How to Get Rid of Moles in the Garden

Overview

Moles present a problem for gardeners and homeowners who don't like the ridges, holes and hills their tunneling creates in a yard or garden. Their holes can be a hazard for the ankles of the unwary, and they can easily destroy a carefully planned landscape. The presence of moles usually means you have a good supply of grubs and earthworms, their main food source. There are several methods for getting rid of moles in your garden or yard, and what works for one person may not work for another. Try less-invasive and complicated methods before moving on to pesticides and traps.

Step 1

There are two commonly used natural mole deterrents that will make moles avoid an area, but may not work permanently or across your entire property. You can find fox urine spray at garden and outdoors stores, and human hair clippings are also sometimes used. Put these down active mole tunnels. You can tell if a tunnel is active by blocking its entrance with some dirt; if it is unblocked in a few days, it is in use.

Step 2

Use moles' natural enemies against them. This means snakes and birds. You can attract these to your yard with adequate habitat like trees and birdhouses for birds, and damp logs and shady areas for snakes. Some gardeners will swear by putting ratsnakes (which are generally non-aggressive toward people) down an active mole tunnel to get rid of the animals. If you prefer not to introduce snakes to your property, though, and if you are concerned about birds possibly eating your garden harvest, try a different tactic.

Step 3

You can reduce moles in your garden or yard by getting rid of one of their primary foods: grubs. Use a targeted, selective insecticide like Merit, Lorsban 15, Mach-2 or Grub-Ex in early summer to kill grub eggs and remove this food source. Keep in mind they still will eat earthworms, which you do not want to get rid of.

Step 4

There are also mole baits available which will poison the moles. However, moles are very picky eaters and may push untouched poisoned baits up to your garden or yard's surface where pets and children can happen upon it. Supervise both children and pets carefully when you use these traps. Be sure the ones you use have the most effect by placing them in active tunnels, and using appetizing baits like worm baits like TomCat or Talpirid. These resemble the mole's favorite food, and will kill the mole when ingested.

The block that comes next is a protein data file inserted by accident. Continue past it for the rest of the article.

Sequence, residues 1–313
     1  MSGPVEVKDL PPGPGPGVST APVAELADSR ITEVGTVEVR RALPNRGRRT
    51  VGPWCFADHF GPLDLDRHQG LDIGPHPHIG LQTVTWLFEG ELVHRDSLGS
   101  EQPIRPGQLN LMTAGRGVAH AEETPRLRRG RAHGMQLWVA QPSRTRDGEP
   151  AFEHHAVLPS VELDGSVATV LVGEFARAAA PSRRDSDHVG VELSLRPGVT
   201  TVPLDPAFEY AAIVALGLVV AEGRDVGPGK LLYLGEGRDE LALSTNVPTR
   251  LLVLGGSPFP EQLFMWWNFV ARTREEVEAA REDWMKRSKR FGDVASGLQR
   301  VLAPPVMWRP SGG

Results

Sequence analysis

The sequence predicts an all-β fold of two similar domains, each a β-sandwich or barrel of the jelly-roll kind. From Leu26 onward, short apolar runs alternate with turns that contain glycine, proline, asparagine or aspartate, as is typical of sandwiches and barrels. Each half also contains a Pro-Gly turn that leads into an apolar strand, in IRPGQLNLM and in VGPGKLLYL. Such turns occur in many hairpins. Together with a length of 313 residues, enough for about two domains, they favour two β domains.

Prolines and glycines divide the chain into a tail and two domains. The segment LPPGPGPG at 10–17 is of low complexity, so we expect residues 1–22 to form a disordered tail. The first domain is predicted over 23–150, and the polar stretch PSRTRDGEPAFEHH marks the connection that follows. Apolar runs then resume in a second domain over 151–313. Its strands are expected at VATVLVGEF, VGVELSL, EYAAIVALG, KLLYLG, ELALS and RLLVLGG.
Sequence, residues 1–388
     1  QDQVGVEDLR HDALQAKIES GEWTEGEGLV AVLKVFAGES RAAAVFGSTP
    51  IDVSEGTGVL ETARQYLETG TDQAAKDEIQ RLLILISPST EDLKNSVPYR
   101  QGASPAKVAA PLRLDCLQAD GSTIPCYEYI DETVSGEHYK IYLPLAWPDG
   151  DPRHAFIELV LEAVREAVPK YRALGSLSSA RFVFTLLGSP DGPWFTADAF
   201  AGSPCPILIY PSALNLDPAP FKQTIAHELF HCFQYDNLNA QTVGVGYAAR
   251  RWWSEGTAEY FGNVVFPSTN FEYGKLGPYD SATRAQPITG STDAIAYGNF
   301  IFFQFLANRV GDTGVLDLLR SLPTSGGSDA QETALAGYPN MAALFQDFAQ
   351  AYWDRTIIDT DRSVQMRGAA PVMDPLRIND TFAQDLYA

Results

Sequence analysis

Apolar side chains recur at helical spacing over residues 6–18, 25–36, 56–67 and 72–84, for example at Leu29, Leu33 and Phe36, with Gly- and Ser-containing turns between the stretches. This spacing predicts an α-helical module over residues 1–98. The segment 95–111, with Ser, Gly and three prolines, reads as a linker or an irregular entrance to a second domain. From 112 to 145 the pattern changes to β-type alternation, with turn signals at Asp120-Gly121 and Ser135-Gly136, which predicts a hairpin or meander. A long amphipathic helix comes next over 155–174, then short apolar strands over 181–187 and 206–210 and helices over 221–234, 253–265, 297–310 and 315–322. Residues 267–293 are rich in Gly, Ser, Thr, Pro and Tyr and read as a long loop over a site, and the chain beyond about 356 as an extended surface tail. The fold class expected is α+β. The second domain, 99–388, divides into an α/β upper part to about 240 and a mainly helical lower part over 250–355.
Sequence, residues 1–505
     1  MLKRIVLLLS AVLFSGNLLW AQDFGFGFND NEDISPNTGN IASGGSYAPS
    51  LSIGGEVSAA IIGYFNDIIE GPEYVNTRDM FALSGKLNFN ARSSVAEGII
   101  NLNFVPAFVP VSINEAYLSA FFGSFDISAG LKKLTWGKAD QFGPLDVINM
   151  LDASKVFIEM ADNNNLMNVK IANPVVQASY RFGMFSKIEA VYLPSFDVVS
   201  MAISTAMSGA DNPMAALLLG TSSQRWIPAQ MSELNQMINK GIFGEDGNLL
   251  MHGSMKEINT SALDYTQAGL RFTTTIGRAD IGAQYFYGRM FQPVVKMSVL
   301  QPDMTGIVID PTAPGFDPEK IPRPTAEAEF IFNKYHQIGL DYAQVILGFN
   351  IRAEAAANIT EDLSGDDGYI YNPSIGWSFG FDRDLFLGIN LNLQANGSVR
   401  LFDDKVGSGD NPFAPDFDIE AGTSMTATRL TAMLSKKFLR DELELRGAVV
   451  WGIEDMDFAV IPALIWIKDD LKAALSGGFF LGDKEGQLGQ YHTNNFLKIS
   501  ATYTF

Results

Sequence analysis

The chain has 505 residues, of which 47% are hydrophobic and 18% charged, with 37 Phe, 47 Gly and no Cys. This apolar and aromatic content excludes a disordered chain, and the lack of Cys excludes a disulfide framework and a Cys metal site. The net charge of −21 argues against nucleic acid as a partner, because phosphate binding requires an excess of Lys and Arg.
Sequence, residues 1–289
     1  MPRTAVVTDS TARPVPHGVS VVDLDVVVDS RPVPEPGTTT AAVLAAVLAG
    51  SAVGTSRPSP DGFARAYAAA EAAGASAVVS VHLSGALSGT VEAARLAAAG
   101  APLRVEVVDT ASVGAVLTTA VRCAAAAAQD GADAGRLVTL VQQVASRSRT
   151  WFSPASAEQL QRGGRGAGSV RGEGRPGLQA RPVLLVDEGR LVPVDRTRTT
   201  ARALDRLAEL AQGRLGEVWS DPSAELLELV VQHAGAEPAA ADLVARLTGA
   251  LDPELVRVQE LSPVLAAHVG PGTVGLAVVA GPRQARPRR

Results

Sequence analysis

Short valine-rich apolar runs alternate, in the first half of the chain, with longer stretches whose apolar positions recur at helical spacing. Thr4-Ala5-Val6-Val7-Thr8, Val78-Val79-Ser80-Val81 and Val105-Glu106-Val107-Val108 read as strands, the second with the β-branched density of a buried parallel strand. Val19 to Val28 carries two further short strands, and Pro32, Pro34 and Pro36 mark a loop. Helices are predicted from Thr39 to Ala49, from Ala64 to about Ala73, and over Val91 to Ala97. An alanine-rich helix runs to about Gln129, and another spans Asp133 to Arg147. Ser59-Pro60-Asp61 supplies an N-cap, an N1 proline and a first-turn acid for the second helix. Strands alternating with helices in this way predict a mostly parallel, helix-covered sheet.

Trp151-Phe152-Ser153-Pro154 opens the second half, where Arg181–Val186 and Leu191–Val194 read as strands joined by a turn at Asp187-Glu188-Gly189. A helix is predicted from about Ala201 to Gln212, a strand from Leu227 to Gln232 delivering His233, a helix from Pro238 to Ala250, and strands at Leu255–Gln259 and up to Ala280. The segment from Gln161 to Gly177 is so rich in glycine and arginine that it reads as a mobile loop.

Step 5

The final option for getting rid of moles is to trap them. You can buy mole traps and do this yourself, or hire a pest control company that has experience working with moles. It is a tricky process and traps are ineffective if not used properly. They must be used on active tunnels also. There are a variety of traps; one effective type is a harpoon trap that will shoot the mole when it comes up a hole. Be cautious in trap use around pets and children, or keep them away from trapped areas. There are no effective mole traps that do not kill the mole.

Tips and Warnings

  • If you are concerned that you do not want to kill the moles, realize that there is no good way to trap moles without killing them, and pesticides often also have the result of killing moles. If this is not an option for you, you may have to learn to live with the creatures. Check with local environmental agencies before using pesticides, poison baits or chemicals to get rid of moles. In some locales this is illegal or a license must be purchased first.

Things You'll Need

  • Fox urine spray
  • Human hair clippings
  • Targeted grub insecticide
  • Poisoned worm bait
  • Mole traps

References

  • PestMall.com
  • Joplin, Missouri Independent
  • Askthe Exterminator.com

Who Can Help

  • Q & A on Moles
  • AA Wildlife Removal on Moles
Keywords: how to get rid of moles, how to kill moles in garden, getting rid of moles

About this Author

Kim Hoyum is a Michigan-based freelance writer. She has been a proofreader, writer, reporter and editor at monthly, weekly and daily publications for five years. She has a Bachelor of Science in writing and minor in journalism from Northern Michigan University.